Doctor Who

Starring: Sylvester McCoy
Big Finish Productions
RRP: 14.99
ISBN: 978 1 84435 198 5
Available 01 July 2007

Welcome to Valhalla, capital city of Callisto, Jupiter's premier moon, where anything and everything is up for sale. Whatever you want, it's here in Valhalla. All credit prints accepted. But Valhalla isn't quite what it says in the brochures, not since Earth granted independence and cut off the supplies. The former Doctor (FOR SALE - EXCELLENT CONDITION - SIX PREVIOUS OWNERS - ONLY 900 YEARS ON THE CLOCK) visits the Job Centre and finds power cuts, barcoded citizens and monthly riots (ALL BOOKABLE). And then there's the problem with the termites...

An abandoned colony world... A disposable figurehead leader who broadcasts futilely encouraging messages to his people... Am I talking about Vengeance on Varos? A world secretly controlled by deadly invertebrates... Or perhaps The Macra Terror? No, it's Valhalla, the latest Seventh Doctor audio adventure from Big Finish. It isn't the most original tale that Marc Platt has ever written, though it does have some intriguing and idiosyncratic ideas, as you might expect from this author.

One of the most fascinating is the characterisation of the solo Seventh Doctor (Sylvester McCoy). Obviously lonely, though touchy about the subject of his former friends, the Time Lord claims to have retired and is looking for a new challenge: "I could do that," he repeatedly states, emulating Yosser Hughes from Boys From the Blackstuff. This could be the same Doctor who recently lost travelling companions under tragic circumstances in any or all of the following stories: Roz in the New Adventures novel So Vile a Sin, Antimony in the webcast/audio adventure Death Comes to Time, Ace in the comic strip Ground Zero and Cat in the Telos novella Companion Piece. His ennui could account for why he has not yet visited Skaro to collect the Master's exterminated remains (as seen at the beginning of the 1996 TV movie), despite having apparently set off to do just that at the end of Platt's New Adventures novel Lungbarrow.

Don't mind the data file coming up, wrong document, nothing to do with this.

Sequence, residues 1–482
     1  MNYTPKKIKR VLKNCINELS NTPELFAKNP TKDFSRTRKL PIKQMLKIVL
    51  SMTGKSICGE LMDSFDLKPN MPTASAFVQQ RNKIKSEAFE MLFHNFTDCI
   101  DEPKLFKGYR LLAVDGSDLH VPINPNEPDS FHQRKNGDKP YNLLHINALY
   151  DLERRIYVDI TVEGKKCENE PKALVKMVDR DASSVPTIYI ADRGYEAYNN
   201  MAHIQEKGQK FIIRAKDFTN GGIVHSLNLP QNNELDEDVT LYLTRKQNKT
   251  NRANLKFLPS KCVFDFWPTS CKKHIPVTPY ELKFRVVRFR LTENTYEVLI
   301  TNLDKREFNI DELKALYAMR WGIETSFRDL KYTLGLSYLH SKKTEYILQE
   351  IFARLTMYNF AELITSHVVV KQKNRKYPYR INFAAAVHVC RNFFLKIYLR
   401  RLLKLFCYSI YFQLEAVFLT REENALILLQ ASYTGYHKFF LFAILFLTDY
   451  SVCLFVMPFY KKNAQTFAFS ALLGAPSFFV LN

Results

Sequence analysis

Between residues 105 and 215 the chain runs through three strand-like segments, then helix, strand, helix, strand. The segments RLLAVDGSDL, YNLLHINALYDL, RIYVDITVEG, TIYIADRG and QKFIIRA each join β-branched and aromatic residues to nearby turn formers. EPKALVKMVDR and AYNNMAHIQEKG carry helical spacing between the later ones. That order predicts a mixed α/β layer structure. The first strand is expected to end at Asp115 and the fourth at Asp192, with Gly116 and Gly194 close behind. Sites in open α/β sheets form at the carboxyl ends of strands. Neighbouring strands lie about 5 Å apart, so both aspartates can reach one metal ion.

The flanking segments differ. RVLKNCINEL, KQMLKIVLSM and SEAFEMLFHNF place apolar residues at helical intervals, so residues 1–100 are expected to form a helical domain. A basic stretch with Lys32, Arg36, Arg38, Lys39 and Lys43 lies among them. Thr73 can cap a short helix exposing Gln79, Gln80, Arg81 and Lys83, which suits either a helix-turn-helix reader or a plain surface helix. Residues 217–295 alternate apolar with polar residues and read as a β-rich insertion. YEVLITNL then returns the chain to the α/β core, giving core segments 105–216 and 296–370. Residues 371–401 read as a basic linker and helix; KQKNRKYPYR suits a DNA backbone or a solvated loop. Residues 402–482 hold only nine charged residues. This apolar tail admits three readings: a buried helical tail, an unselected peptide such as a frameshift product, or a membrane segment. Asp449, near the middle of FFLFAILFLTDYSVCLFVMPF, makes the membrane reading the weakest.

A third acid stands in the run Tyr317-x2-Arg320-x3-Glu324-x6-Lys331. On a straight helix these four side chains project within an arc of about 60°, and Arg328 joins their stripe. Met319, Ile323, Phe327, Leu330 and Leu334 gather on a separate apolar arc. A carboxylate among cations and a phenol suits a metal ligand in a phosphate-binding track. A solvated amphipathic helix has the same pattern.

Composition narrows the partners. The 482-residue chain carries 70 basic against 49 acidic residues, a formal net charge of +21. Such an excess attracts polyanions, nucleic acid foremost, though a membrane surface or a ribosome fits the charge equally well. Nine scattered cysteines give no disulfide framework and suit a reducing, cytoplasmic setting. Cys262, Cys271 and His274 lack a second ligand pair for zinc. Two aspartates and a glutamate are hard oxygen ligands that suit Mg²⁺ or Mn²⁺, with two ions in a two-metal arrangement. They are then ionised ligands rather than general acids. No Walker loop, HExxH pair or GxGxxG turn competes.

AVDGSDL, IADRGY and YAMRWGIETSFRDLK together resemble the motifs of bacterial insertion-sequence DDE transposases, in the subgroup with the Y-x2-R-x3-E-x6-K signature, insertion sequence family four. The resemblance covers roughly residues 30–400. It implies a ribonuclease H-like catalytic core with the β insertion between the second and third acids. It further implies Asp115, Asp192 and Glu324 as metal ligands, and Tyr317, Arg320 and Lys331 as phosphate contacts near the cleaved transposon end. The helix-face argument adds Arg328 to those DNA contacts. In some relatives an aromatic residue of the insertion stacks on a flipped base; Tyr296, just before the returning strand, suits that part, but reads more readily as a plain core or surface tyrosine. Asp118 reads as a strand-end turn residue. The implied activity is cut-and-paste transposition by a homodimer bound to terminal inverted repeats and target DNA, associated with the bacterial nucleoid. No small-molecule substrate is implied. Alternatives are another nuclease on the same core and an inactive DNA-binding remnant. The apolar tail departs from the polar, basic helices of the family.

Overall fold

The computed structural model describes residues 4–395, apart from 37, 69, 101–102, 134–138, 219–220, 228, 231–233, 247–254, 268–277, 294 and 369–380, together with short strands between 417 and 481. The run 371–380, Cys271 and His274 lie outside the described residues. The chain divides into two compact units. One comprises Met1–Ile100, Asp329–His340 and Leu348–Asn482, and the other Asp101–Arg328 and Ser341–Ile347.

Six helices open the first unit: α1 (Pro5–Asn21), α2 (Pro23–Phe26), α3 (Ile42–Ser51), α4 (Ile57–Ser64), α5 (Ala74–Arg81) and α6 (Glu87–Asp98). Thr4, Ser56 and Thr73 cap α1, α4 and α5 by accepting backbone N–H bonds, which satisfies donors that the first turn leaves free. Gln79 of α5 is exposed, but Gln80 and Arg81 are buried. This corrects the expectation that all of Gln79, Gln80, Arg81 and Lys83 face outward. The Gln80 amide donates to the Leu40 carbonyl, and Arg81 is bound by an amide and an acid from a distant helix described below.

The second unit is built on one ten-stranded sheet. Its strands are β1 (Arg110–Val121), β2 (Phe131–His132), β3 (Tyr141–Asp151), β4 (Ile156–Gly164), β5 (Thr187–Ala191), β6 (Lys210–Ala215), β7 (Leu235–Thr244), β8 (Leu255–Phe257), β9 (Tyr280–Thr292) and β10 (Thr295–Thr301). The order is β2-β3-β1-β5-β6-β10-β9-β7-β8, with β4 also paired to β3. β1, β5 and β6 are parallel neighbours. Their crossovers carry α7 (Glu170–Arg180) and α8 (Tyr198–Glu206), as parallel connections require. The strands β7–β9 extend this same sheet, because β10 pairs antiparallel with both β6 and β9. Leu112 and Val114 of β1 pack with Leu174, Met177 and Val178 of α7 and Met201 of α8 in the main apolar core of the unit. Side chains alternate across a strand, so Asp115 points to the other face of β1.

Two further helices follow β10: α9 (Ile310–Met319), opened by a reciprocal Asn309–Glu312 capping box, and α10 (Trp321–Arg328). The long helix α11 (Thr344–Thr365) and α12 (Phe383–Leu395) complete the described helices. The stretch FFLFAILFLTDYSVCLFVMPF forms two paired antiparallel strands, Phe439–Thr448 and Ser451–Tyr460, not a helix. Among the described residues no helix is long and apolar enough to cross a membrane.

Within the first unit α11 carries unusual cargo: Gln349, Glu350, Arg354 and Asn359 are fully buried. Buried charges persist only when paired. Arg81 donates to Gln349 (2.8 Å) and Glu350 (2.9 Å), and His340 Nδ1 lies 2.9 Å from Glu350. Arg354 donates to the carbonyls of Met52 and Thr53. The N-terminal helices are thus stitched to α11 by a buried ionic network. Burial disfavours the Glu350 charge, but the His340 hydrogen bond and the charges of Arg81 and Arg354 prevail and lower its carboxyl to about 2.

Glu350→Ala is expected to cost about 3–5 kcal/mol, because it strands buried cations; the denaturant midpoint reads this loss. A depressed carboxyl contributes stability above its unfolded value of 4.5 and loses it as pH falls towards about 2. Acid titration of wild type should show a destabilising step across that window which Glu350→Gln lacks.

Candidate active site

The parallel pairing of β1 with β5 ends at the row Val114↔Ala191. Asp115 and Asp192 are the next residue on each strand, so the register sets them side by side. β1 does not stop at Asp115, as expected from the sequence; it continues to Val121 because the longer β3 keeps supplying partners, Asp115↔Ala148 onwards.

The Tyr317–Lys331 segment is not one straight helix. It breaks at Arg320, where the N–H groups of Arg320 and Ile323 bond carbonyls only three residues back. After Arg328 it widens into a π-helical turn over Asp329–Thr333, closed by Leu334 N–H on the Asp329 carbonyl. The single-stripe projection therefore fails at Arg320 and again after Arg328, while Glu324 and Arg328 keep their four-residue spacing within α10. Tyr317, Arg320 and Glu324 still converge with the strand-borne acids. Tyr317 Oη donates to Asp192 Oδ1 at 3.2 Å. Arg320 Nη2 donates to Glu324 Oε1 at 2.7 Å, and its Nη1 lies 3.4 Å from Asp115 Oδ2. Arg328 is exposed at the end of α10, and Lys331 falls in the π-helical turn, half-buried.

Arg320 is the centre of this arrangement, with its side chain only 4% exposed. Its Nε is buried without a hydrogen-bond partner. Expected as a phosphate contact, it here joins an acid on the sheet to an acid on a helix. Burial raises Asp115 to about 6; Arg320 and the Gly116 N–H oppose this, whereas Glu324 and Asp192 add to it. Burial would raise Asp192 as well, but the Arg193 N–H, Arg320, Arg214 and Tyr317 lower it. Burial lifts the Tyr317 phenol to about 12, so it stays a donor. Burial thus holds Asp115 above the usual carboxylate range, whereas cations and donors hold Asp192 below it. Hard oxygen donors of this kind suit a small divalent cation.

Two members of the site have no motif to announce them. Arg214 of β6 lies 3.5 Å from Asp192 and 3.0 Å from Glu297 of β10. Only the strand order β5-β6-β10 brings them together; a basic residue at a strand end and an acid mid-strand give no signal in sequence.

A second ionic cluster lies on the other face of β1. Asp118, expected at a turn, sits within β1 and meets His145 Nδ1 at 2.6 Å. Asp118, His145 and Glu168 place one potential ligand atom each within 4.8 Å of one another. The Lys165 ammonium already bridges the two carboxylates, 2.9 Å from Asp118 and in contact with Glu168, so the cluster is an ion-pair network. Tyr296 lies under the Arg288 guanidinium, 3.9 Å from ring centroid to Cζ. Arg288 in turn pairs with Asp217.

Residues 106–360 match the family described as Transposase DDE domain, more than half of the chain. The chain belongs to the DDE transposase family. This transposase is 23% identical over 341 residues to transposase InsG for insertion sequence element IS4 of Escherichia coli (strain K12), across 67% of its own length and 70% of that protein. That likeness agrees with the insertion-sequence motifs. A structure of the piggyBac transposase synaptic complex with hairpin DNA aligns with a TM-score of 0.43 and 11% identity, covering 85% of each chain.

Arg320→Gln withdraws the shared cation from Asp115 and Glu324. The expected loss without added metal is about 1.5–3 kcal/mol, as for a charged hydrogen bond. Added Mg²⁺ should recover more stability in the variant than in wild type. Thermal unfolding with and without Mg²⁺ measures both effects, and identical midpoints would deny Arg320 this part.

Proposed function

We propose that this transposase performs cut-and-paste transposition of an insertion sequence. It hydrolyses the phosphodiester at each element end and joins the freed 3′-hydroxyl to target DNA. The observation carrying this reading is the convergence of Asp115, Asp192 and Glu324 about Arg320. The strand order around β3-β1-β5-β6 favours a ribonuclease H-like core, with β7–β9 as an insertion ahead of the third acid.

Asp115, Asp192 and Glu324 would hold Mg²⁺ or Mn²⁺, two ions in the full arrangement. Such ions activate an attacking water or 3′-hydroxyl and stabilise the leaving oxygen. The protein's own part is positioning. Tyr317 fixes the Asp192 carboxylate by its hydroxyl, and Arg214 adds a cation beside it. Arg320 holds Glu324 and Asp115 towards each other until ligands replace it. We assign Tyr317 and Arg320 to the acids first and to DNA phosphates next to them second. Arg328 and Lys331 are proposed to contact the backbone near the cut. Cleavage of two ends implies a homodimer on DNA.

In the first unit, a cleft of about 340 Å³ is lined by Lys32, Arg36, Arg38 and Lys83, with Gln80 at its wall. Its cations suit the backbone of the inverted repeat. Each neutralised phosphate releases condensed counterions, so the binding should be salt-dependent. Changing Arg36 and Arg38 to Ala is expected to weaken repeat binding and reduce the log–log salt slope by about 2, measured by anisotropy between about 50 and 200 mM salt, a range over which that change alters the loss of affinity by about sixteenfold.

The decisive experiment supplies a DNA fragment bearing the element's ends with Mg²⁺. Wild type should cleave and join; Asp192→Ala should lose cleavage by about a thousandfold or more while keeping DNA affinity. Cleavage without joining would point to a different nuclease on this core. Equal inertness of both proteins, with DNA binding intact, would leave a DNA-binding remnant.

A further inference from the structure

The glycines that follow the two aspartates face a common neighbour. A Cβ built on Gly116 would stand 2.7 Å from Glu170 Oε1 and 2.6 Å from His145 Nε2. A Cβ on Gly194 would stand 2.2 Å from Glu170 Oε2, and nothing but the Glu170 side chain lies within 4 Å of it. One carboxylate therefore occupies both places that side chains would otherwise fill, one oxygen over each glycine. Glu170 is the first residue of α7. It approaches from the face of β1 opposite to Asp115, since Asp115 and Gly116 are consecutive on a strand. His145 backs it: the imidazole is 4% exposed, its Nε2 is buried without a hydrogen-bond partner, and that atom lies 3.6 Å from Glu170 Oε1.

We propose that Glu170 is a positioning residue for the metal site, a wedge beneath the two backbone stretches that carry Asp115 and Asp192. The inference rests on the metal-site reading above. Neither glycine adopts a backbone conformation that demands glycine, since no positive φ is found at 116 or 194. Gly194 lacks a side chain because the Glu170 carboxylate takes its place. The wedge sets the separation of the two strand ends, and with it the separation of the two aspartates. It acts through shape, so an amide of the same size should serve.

Another interesting aspect of this adventure is its exploration of an insect society. During the latter half of the tale, we are granted access to the termite colony, hearing the voices of the intelligent creatures through the magic of the TARDIS's translation system. Some comical dialogue, such as the Queen's (Susannah York) threat to tear one of her soldiers "limb from limb from limb", reflects the nature of the insects' biology and society.

Simon Robinson's incidental music is also worthy of note, combining '80s-style synth sounds (evoking the appropriate era of the television series - in a good way) with mechanical rhythms, insect-like chittering and unsettling, rustling footsteps. You can hear some of this music without those pesky actors talking all over it during the final two tracks of each disc.

The other extra features, the interviews, aren't very informative, though Green Wing's Michelle Gomez (who plays technician Jevvan, a sort of one-off companion for the Doctor during this story) is amusing as she adopts a Scandinavian accent and discusses having to initially dislike Billie Piper's replacement (Freema Agyeman) out of principle before ultimately loving her. It's a shame that Philip Jackson (alias leader Laxton) isn't interviewed at all.

As I say, this isn't Marc Platt's greatest work, but I think you still mite like it.

Richard McGinlay

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